December 27, 2009View Sermon
- Matthew 8-10: Follow Him
- Nate Irwin
- Matthew 10:34-42
Afraid of Jesus?
28 And when he came to the other side, to the country of the Gadarenes, two demon-possessed men met him, coming out of the tombs, so fierce that no one could pass that way. 29 And behold, they cried out, "What have you to do with us, O Son of God? Have you come here to torment us before the time?" 30 Now a herd of many pigs was feeding at some distance from them. 31 And the demons begged him, saying, "If you cast us out, send us away into the herd of pigs." 32 And he said to them, "Go." So they came out and went into the pigs, and behold, the whole herd rushed down the steep bank into the sea and drowned in the waters. 33 The herdsmen fled, and going into the city they told everything, especially what had happened to the demon-possessed men. 34 And behold, all the city came out to meet Jesus, and when they saw him, they begged him to leave their region.
And getting into a boat he crossed over and came to his own city. 2 And behold, some people brought to him a paralytic, lying on a bed. And when Jesus saw their faith, he said to the paralytic, "Take heart, my son; your sins are forgiven." 3 And behold, some of the scribes said to themselves, "This man is blaspheming." 4 But Jesus, knowing their thoughts, said, "Why do you think evil in your hearts? 5 For which is easier, to say, 'Your sins are forgiven,' or to say, 'Rise and walk'? 6 But that you may know that the Son of Man has authority on earth to forgive sins"—he then said to the paralytic—"Rise, pick up your bed and go home." 7 And he rose and went home. 8 When the crowds saw it, they were afraid, and they glorified God, who had given such authority to men (Matt 8:28-9:8)
Let me ask you a pretty generic question: Who is Jesus to you? Some of you would respond with statements like: He‟s the Son of God, The Lamb of God, A prophet, Savior, Perfect Sacrifice, Prince of Peace, Lord, or Ruler. And all of those would be true. But the question is – “who is He to you?” The reason that I asked this question is because the Bible tells us that everyone will see and know Jesus one day. Philippians 2:10-11 says, “…at the name of Jesus every knee shall bow, in heaven and on earth, and under the earth, and every tongue confess that Jesus Christ is Lord to the glory of God the Father.”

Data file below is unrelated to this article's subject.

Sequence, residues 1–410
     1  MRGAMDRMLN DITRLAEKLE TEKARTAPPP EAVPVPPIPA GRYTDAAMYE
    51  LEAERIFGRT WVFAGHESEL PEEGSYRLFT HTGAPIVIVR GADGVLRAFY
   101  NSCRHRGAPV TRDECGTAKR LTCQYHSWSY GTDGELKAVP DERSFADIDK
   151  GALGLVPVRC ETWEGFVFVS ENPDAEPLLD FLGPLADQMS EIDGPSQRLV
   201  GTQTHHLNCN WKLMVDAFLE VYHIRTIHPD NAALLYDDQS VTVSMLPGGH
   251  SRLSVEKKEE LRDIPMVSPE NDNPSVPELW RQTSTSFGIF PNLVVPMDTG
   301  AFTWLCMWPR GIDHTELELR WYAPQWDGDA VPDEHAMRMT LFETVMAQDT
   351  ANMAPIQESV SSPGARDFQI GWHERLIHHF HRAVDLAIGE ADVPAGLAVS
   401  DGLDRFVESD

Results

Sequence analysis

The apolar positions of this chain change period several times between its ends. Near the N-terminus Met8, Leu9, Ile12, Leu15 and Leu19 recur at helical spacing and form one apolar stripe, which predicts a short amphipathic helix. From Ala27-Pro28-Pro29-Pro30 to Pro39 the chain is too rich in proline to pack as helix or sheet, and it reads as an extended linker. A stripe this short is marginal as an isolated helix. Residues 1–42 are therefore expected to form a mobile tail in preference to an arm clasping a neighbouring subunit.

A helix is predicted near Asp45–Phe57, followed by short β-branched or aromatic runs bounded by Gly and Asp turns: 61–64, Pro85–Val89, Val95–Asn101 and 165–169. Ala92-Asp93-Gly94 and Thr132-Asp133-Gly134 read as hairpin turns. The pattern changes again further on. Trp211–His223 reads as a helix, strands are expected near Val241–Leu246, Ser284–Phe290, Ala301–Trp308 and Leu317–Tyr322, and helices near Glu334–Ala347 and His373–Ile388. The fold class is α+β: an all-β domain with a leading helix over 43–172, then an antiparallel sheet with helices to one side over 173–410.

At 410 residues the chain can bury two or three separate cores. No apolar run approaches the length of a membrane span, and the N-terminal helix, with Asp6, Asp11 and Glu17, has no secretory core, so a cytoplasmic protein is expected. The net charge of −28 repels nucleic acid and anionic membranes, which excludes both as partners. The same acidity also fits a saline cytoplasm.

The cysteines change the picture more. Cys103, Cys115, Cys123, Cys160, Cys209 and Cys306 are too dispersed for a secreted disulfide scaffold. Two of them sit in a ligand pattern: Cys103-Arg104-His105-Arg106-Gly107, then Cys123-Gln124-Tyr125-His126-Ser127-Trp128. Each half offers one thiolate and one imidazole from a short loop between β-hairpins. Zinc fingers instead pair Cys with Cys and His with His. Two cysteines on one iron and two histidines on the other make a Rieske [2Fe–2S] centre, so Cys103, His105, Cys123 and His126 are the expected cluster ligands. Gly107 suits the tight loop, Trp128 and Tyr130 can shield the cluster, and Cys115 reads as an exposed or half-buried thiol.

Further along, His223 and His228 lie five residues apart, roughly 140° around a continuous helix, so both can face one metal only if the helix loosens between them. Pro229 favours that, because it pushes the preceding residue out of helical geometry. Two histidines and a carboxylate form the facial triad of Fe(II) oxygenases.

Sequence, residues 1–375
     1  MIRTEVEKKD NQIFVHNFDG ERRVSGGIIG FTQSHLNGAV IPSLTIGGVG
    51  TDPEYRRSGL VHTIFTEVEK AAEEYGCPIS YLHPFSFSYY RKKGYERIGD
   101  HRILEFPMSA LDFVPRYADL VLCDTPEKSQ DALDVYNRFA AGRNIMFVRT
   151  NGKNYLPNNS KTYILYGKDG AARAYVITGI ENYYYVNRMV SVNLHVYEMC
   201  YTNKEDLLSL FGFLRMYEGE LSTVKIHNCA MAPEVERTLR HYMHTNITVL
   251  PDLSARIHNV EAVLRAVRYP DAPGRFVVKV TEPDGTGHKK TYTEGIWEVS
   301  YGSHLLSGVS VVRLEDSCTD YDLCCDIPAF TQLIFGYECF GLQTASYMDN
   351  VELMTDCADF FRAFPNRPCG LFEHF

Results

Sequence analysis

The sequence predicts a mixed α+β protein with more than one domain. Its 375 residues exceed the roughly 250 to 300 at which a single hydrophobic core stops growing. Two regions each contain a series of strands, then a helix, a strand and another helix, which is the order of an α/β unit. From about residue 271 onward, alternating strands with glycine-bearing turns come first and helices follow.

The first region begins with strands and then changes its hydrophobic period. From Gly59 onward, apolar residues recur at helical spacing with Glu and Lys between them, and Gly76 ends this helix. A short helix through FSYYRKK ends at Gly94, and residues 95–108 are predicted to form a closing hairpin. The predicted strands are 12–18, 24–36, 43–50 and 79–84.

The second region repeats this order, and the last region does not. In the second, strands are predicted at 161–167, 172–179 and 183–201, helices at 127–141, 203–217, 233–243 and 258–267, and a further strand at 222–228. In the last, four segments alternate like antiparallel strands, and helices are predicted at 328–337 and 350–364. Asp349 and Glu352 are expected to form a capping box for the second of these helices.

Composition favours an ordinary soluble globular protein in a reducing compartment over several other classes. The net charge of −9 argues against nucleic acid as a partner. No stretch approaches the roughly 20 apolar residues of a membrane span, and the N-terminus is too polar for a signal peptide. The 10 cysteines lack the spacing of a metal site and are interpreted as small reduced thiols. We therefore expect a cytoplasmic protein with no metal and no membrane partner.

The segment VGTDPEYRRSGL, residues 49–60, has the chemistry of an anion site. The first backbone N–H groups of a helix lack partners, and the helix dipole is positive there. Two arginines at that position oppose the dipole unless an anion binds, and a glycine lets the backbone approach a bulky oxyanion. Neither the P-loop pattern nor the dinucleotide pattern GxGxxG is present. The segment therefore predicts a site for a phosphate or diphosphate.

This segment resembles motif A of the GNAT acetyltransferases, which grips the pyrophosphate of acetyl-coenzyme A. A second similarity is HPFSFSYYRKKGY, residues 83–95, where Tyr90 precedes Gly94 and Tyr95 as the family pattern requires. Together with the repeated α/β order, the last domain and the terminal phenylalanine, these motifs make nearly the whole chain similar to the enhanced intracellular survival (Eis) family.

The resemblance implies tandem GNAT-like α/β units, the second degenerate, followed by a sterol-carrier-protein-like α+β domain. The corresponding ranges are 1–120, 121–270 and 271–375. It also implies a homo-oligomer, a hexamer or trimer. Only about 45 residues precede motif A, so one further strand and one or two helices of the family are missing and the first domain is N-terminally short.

Do you understand what that means? The Bible tells us that one day every person will acknowledge that Jesus is Lord. Everyone with see him and know who he really is, but that day will not be happy and joyful for some. On that day there will be two kinds of people: those that know him and love him, and those who rejected him and fear him. He will be Savior to one group; he will be judge to another. One will be saved from eternal punishment by his sacrifice on the cross; the other will suffer eternal separation in hell because of sinful rebellion. That is why the question: “who is Jesus?” is really important. At the end of the day Jesus is either your Savior or your Judge.
Not Safe, But Good
The title of my message today is a question: Afraid of Jesus? And I‟d like to suggest to you that we don‟t often think of being afraid of Jesus, but we really should because for many people in the Bible an encounter with Jesus created fear – and rightly so. They should have been afraid. But we don‟t often talk about Jesus like that. We prefer the soft, gentle images of Jesus that appear in Children‟s Bibles. We‟d like to think of Jesus in Barney-like, Mr. Rogers-like qualities – comforting and calming. Jesus certainly is kind, gentle, meek, and comforting, but that picture is not complete. One of my favorite quotes from the movie “The Lion, the Witch, and the Wardrobe,” regarding Aslan, the Christ-like Lion, is: “He is not safe, but he‟s good.”